All through his years as president, Abraham Lincoln was under constant scrutiny, especially during the Civil War. And although he knew he would make mistakes while serving as president, he was determined to never compromise his integrity.
So deep-seated was his resolve, he once said, "I desire so to conduct the affairs of this administration that if at the end ... I have lost every other friend on earth, I shall at least have one friend left, and that friend shall be down inside of me."
We should each be this dedicated to our organizations, and this respectable. Because when there’s doubt about your integrity, not only do your personnel lose faith, but those outside, including citizens and other EMS agencies, will have little confidence in your organization.
Take the recent case of a paramedic supervisor in Colorado who allegedly forged his own paramedic license after he let it lapse. Instead of taking the appropriate steps to recertify, he doctored up someone else’s certification by putting his own name on it and presented it to his bosses as proof that he was recertified.
He then continued to work for another six months before a regular state audit of the licenses revealed the forgery. The first mistake was letting his license lapse.
The second, bigger mistake was faking his credentials and passing himself off as a licensed medical provider. The most troubling part is that he wasn’t the first to do this, and he certainly won’t be the last.
Unfortunately, plenty of headlines each year cast public safety professionals in a negative light. Some recent stories involve embezzlement, sexual assault and child pornography.
Keep in mind that many of these cases are only allegations, and the charges are likely just as common in any profession because they are based on human faults and bad decisions. The lesson for EMS leaders, however, is to stay out of the headlines and avoid damaging the public image of our profession.
What Is ‘Integrity’?
The Merriam-Webster dictionary defines "integrity" as a "firm adherence to a code of especially moral or artistic values."
That code is your personal ethics, a set of standards or principles that govern your behavior. Being true to that code is basically the soundness of our moral character and how honest we are. But what may be completely unethical to one person might be perfectly all right with another.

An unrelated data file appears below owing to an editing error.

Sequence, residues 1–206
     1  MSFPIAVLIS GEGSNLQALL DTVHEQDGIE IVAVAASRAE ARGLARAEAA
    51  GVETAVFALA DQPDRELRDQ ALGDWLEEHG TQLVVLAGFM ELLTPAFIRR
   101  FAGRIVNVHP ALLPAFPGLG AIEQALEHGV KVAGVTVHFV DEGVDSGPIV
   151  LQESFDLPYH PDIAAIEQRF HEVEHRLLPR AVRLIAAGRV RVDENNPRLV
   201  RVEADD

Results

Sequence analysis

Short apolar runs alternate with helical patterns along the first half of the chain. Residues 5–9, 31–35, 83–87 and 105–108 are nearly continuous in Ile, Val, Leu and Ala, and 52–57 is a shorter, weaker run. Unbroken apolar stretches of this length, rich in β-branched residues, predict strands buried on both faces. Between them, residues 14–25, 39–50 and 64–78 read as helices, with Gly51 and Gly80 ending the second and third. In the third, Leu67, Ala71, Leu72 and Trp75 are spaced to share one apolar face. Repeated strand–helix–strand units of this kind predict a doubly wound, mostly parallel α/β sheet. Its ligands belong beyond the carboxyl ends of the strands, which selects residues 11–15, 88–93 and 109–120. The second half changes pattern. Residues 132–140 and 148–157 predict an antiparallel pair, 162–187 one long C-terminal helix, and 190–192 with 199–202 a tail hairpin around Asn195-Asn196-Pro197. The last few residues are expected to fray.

For instance, as the head of your EMS organization, it might be OK for a sales representative from a monitor/defibrillator manufacturer to take you out to dinner and a ball game, while he tries to convince you to make a big purchase.
You might not see a problem with this activity, especially if your organization doesn’t prohibit it. A neighboring EMS organization, however, may have specific rules barring this type of marketing by sales people, or their system leader may simply have a personal ban against it without official rules. So, our ethics and integrity are subjective, but they’re not random.
Guiding principles—from experience, science, culture and religion—determine how we form our ethical beliefs. Also, any professional oaths we may have taken or signed and any laws or rules governing our organizations should be factored in.
For example, you may have signed a professional oath that you won’t accept monetary gifts or in-kind services from any company you do business with or may do business with. If you signed this type of professional oath, going to dinner and a ball game with the sales rep would be forbidden.
Even if you didn’t sign a professional oath, the Hippocratic oath for physicians could apply to our role as managers as well: "Do no harm." Just as we follow this principle in medical practice to avoid injury to our patients, we should remember to protect our organization and our personnel.
Why Does It Matter?
Sometimes, our convictions and loyalties drive us to make decisions we think are defendable. This tendency is especially true when we have to make a decision concerning an employee with whom we’ve developed a friendship through years of working together. But, again, you have to ask yourself, "Can I defend my decision on the front page of the newspaper or to a TV reporter?" The bottom line is that if you’re truthful to yourself, you’ll be truthful to your organization.